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Pharr Mounds

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Pharr Mounds

Pharr Mounds
Two mounds at the Pharr Mounds site
Pharr Mounds is located in Mississippi
Pharr Mounds
Nearest city Tupelo, Mississippi
Coordinates
Governing body National Park Service[1]
NRHP Reference # 78000346[2]
Added to NRHP February 23, 1978[2]

Pharr Mounds is a Middle Woodland period archaeological site located near Tupelo in parts of Itawamba and Prentiss County in northern Mississippi.

The complex of eight dome shaped Tumulus burial mounds was in use during the Miller 1 phase of the Miller culture[3] and was built between 1 and 200 CE. It is considered to be one of the largest and most important sites from this era.[1] It was listed on the National Register of Historic Places in 1978 as part of the Natchez Trace Parkway at milepost 286.7.[2]

Site description

The site is located at the headwaters of the Tombigbee River, a rugged, hilly area with many broad, swampy streams. It is named for "Pharr Flats", a wide gently rolling terrace overlooking the confluence of Little Brown and Mackeys Creeks. The site features eight dome-shaped mounds of differing sizes, several of which have been nearly flattened by European American farming. The mounds in the Pharr Mounds site are scattered over 90 acres of land.[4]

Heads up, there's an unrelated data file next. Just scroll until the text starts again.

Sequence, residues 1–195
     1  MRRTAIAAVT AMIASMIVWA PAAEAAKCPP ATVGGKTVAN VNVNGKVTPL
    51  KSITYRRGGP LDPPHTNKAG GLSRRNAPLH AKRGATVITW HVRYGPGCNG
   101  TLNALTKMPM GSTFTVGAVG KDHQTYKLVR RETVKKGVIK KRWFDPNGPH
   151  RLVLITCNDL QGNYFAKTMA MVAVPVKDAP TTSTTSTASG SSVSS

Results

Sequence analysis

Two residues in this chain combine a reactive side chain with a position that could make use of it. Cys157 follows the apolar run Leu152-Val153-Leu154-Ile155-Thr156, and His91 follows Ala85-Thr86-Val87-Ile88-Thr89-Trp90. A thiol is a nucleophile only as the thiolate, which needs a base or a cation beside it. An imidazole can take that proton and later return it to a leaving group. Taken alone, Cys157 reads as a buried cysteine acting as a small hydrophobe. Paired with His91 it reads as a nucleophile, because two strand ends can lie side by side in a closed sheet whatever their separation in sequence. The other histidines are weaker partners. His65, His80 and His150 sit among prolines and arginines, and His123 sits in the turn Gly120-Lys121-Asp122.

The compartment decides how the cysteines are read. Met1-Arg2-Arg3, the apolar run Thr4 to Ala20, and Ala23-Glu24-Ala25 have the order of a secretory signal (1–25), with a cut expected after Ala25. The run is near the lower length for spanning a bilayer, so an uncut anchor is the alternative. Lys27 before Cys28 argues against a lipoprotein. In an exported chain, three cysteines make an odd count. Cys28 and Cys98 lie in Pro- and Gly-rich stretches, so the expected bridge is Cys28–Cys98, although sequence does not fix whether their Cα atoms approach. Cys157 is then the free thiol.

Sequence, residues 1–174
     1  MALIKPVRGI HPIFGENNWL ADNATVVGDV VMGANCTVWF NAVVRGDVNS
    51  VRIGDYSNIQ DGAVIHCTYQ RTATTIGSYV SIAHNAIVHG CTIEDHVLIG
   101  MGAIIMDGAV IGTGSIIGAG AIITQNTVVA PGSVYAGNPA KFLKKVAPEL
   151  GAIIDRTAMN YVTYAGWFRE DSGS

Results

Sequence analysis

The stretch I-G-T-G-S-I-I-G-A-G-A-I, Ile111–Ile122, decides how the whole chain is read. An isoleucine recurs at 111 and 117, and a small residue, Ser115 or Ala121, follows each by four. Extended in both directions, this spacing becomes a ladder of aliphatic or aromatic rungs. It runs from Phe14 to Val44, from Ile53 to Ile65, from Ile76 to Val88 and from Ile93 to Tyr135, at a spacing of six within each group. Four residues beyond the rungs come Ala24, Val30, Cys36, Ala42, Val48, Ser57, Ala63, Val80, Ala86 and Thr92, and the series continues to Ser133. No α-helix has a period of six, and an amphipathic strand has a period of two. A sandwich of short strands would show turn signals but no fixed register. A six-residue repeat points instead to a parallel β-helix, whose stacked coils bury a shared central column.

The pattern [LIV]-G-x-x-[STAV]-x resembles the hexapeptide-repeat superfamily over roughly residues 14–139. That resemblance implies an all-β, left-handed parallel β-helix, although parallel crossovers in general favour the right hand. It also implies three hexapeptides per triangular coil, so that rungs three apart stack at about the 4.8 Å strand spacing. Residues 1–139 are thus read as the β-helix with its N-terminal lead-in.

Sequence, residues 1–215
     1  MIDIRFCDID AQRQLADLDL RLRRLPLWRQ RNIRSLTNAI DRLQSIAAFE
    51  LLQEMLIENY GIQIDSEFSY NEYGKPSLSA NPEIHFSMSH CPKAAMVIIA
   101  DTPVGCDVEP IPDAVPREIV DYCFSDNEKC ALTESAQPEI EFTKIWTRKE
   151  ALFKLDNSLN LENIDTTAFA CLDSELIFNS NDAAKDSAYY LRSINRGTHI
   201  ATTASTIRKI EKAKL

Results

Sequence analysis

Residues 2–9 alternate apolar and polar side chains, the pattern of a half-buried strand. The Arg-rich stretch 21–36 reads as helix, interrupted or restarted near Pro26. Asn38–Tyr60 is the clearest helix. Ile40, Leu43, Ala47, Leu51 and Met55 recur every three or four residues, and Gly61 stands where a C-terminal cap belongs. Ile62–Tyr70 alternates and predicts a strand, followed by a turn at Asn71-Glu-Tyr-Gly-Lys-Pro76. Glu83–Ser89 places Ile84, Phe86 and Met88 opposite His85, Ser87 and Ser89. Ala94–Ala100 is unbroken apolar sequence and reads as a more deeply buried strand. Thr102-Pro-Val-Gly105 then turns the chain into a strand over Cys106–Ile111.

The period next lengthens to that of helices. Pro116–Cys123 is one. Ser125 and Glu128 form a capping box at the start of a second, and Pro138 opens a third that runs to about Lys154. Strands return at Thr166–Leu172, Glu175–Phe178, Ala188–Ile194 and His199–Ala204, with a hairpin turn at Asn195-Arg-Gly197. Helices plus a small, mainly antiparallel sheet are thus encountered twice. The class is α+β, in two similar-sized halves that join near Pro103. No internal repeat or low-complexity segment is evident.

Mound Width and length Height
Mound A 55 feet (17 m) by 65 feet (20 m) 7 feet (2.1 m)
Mound B 105 feet (32 m) by 110 feet (34 m) 18 feet (5.5 m)
Mound C 115 feet (35 m) in diameter 18 feet (5.5 m)
Mound D 80 feet (24 m) by 95 feet (29 m) 12 feet (3.7 m)
Mound E 165 feet (50 m) by 175 feet (53 m) 8 feet (2.4 m)
Mound F 60 feet (18 m) in diameter 8 feet (2.4 m)
Mound G 200 feet (61 m) in diameter 6 feet (1.8 m)
Mound H 110 feet (34 m) by 130 feet (40 m) 2 feet (0.61 m)
[4]
Diagram of Pharr Mounds

Archaeology

In 1966 Robert Carr, an archaeologist for the National Park Service, led an excavation of four of the mounds. The excavators found fire pits and low clay platforms at the base of the mounds.[1] They also found human remains, some cremated, as well as various exotic ceremonial artifacts.

Many of the artifacts were made from nonlocal materials such as Great Lakes copper and greenstone, galena, and mica that were obtained through the Hopewell exchange system. These artifacts, which include copper ear-spools and a greenstone platform pipe, show the connection of the local peoples with the larger Middle Woodland period world of the time.[1]

See also

References

  1. ^ a b c d "Pharr Mounds-National Register of Historic Places Indian Mounds of Mississippi Travel Itinerary". National Park Service. Retrieved 2010-11-16. 
  2. ^ a b c "National Register of Historic Places". National Register of Historic Places. National Park Service. 2010-11-16. 
  3. ^ "Pharr Mounds-Ceramic analysis". National Park Service. Retrieved 2010-11-16. 
  4. ^ a b "Pharr Mounds-The site and its setting". National Park Service. Retrieved 2010-11-16. 

External links

  • Pharr Mounds on Flickr
  • Archaeology of prehistoric native America: an encyclopedia
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